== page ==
November is Harvest Month on the blog.
The day of Thanksgiving as celebrated in the United States has religious roots. Often, a few moments are taken from the festivity to praise an otherworldly being for good luck and a bounty of food. Yet many people do not have this tradition or inclination toward the spiritual. It makes them no less grateful a human being, of course.
Recently, I have witnessed and received praise that has me thinking about how we could bring giving thanks to a more terrestrial level. At a recent party, a coworker of my wife, Sara, heaped superlatives effusively upon her for 5-10 minutes about her job performance and how valuable her contributions are. I have received two compliments at school that give me confidence about my future in my chosen field. Having been in and witnessed situations where people seem to avoid expressing thanks, I was especially heartened by these words that did not have to be volunteered.
So, here are three ideas for giving thanks and praise to that which is around us this Thanksgiving week:
1) Thanks & Praise Ambush: The intention here is to catch someone completely by surprise, so likely you will be reflecting on something done in the past that upon reflection deserves a bright light shone upon it. I consider what Sara received to be a delightful ambush, because it came from out of the blue. It is important for people to hear the good things they do, even if those actions are in the job description. Have you ever noticed how quickly the negative can be amplified amid all the things done well? Negativity breeds fear, resentment, and more negativity, spreading quickly through the ranks. So can positivity do the opposite, and that is where our focus should be.
Activity: Find anyone you know who has done something deserving of thanks and praise and speak from the heart about what they did. Many people brush away compliments, so make sure they hear it and take it in. As a bonus, do it in front of someone else.
2) We’ve Never Met, But… This one depends on the kindness of strangers and tapping into one’s inner extrovert, because it will take engaging with someone you hardly know, if at all. Another Sara experience brought this one to mind.
One night, Sara was caught in dreadful traffic in the D.C. area, to the point where a normally quick commute became a standstill for over an hour. Another driver caught in the cluster lost engine power, so Sara pulled over to give her a jump. Upon completion, Sara headed back to her car with the cables and had a $20 bill thrust in her face. A bystander had seen what Sara did and was so moved he felt she should be rewarded monetarily. Better than I, Sara turned the money down after three offers and asked him to pay it forward to someone else in need.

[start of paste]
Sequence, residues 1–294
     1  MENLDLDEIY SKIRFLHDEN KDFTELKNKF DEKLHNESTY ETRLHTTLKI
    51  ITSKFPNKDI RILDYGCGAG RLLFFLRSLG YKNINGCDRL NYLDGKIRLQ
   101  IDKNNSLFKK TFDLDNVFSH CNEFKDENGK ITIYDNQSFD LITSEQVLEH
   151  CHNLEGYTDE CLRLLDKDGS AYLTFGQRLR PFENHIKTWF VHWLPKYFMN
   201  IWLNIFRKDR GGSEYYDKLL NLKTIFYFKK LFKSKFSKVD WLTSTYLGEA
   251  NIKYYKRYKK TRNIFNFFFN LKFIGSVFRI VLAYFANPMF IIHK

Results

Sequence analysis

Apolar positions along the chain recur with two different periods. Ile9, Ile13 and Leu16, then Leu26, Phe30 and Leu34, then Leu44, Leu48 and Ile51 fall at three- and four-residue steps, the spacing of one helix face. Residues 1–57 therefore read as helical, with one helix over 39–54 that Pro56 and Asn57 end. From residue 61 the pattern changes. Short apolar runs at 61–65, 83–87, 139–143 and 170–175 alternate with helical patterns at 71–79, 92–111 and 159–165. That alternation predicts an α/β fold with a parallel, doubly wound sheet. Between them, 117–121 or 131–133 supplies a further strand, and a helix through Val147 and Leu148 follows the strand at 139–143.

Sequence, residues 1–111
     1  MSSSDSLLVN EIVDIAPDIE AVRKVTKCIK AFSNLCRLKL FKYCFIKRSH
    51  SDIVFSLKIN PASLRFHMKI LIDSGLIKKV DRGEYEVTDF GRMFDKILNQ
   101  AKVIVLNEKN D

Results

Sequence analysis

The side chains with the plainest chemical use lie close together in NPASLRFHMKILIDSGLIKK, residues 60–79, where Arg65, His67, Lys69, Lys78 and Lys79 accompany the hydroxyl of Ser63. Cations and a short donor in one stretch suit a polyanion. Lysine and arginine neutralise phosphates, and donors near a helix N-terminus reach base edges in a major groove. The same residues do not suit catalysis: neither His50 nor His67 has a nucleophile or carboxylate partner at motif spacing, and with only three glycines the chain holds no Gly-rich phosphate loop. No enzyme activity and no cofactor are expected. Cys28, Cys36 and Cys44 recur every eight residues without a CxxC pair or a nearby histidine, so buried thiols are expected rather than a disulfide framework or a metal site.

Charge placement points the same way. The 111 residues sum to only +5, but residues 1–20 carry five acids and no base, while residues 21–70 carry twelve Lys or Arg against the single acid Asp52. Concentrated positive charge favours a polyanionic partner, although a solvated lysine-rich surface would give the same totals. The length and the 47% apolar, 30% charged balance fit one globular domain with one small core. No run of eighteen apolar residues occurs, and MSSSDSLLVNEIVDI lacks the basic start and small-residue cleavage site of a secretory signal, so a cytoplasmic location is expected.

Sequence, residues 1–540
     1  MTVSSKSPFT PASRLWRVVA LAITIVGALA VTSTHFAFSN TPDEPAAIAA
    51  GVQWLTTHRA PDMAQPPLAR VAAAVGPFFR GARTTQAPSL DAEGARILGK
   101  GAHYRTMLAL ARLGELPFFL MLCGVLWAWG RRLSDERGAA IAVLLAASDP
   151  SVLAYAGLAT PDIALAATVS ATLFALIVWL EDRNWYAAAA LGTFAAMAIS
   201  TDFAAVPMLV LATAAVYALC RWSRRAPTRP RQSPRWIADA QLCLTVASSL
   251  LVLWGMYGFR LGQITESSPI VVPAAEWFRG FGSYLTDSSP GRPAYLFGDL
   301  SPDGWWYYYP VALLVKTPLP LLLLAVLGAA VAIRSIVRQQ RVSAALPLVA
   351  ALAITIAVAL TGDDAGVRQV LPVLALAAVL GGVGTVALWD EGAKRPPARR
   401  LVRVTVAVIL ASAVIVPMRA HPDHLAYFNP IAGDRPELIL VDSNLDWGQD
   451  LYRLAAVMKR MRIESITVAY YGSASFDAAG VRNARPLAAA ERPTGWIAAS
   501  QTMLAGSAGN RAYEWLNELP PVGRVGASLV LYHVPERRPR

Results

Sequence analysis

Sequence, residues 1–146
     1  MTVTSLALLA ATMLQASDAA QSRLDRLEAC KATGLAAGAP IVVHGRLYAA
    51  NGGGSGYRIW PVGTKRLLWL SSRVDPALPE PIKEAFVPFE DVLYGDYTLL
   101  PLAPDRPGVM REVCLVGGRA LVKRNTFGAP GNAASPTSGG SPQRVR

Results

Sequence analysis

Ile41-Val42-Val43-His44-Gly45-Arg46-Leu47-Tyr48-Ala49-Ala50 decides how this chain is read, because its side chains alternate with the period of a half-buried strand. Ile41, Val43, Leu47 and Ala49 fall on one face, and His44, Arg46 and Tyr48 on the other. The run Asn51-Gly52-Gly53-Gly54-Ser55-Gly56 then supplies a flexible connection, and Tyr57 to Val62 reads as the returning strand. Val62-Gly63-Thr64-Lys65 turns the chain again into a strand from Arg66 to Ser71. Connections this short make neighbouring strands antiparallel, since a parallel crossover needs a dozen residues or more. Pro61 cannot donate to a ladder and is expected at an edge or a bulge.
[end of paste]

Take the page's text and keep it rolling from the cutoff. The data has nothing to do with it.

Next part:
Activity: If you see someone doing good for someone else, let them know. Express gratitude for their contribution to a happier, more smoothly run society. If they happen to be working and “just doing their job,” ask to speak with their manager to let them know.
I love doing this when I have great service in a restaurant, as I did when I stopped for dinner in Fridley, Minnesota, in 2003 – still the best service I ever received. You can say a lot in your tip, but compliments to another person who oversees them can go far in how they are treated on the job.
3) Thank Something Non-Human: In the past year, I have thanked a headache for reminding me that I needed to slow down and tend to my tiredness. I have thanked my cats for providing us with companionship and happiness. (As cat disciplinarian, I have to be especially certain not only to focus on the mischief.) I have thanked a plate of food and sent it love, because it was going to nourish me. And every year, since I was a kid, I thank the Christmas tree for giving its life for our holiday tradition. Though I’ve not done it myself, I have watched someone take the words “tree hugger” and put them into action.
Obviously, these objects, events, and living critters cannot understand us, but evidence abounds that grateful, happy, appreciative, and loving intentions bear grateful, happy, appreciative, and loving fruit around us. It reminds me that the things in life are not merely disposable; that we shouldn’t take the tree or the cat for granted, that the headache is telling us something deeper about our state of being, that the food is becoming a part of our being once it passes into our mouths.
It doesn’t have to be done out loud. It is more a way of moving through the world, happy to be here.
Activity: Thank something out of the ordinary for being what it is and for the benefit from which you derive it. It could be a waste treatment facility that cleans the water while emitting a less than pleasant odor, a noisy leafblower that tidies up the yard, or the cement that is the foundation of your house. You might feel silly, but how would life present itself without them? Looking a positives does not mean negatives are eliminated. It just shifts the mindset to see the green grass on your side of the fence.
Finally: Look in the mirror. Thank yourself for being here and treat yourself with grace.